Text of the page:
GSA expects this proposed rule to have a significant economic impact on a substantial number of small entities within the meaning of the Regulatory Flexibility Act, 5 U.S.C. 601, et seq., because the proposed rule involves providing transactional data on FSS and non-FSS orders and transactional data that may ultimately affect the end pricing of products offered through GSA. However, the cost to comply with the additional reporting requirement may be offset by the benefits provided by the transactional data, such as greater insight and visibility into customer buying habits and knowledge of market competition.

An additional benefit to FSS contractors is that the addition of the transactional data reporting clause would be coupled with an alternate version of GSAR clause 552.238-75 Start Printed Page 11625Price Reductions that does not require customer tracking where the vendor monitors and provides price reductions to the Government when the customer or category of customer upon which the contract was predicated receives a discount. GSAR clause 552.238-75, Price Reductions has long been the mechanism through which GSA ensures prices on contract remained fair and reasonable. However, with transactional data, contracting officers will have a new, potentially more effective and less burdensome mechanism through which to ensure contract pricing is competitive and fair and reasonable, although vertical pricing analysis techniques can still be used.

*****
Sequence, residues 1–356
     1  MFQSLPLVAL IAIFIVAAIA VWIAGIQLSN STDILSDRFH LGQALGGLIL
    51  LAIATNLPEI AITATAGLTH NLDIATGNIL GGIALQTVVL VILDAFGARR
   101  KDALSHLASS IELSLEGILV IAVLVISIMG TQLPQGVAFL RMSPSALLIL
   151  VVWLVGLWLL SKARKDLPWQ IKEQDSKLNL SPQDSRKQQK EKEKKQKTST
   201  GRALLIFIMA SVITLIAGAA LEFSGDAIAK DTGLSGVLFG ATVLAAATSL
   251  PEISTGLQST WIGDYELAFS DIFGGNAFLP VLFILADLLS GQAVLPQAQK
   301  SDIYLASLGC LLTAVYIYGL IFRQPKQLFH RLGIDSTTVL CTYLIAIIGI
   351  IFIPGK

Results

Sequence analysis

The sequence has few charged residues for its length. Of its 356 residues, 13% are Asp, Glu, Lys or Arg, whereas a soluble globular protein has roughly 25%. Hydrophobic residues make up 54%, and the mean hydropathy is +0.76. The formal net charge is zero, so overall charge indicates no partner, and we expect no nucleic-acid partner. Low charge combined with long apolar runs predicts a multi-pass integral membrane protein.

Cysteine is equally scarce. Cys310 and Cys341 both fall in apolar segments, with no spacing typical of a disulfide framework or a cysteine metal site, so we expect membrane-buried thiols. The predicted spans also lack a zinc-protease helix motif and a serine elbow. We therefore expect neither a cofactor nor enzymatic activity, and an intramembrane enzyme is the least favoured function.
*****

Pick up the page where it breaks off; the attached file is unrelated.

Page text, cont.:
Providing the required transactional data will impose significant economic impact on all contractors, both small and other than small, doing business on GSA-managed contracts. Therefore, an Initial Regulatory Flexibility Analysis (IRFA) has been prepared consistent with 5 U.S.C. 603, and is summarized as follows:

The General Services Administration (GSA) is proposing to amend General Services Administration Acquisition Regulation (GSAR) to add an alternate to clause 552.238-74 Industrial Funding Fee (IFF) and Sales Reporting, and new clause 552.216-75 Sales Reporting and Fee Remittance to require transactional data reporting in FSS and non-FSS contract vehicles. The clause will require GSA contractors to provide transactional data, which is equivalent to information found on an itemized invoice, to GSA. This will further the objective to improve category management and negotiate better pricing on all GSA acquisition vehicles. Collecting transactional data on orders and prices paid will allow customers to analyze spending patterns and develop new acquisition strategies to fully leverage the Government's spend.

GSA is undertaking a major modernization initiative aimed at enabling customers to drive better value and achieve taxpayer savings by setting the stage for pricing reform. A major characteristic of modernization is collecting and using transactional data for units under most GSA acquisition vehicles to serve as a basis for price analysis and category management.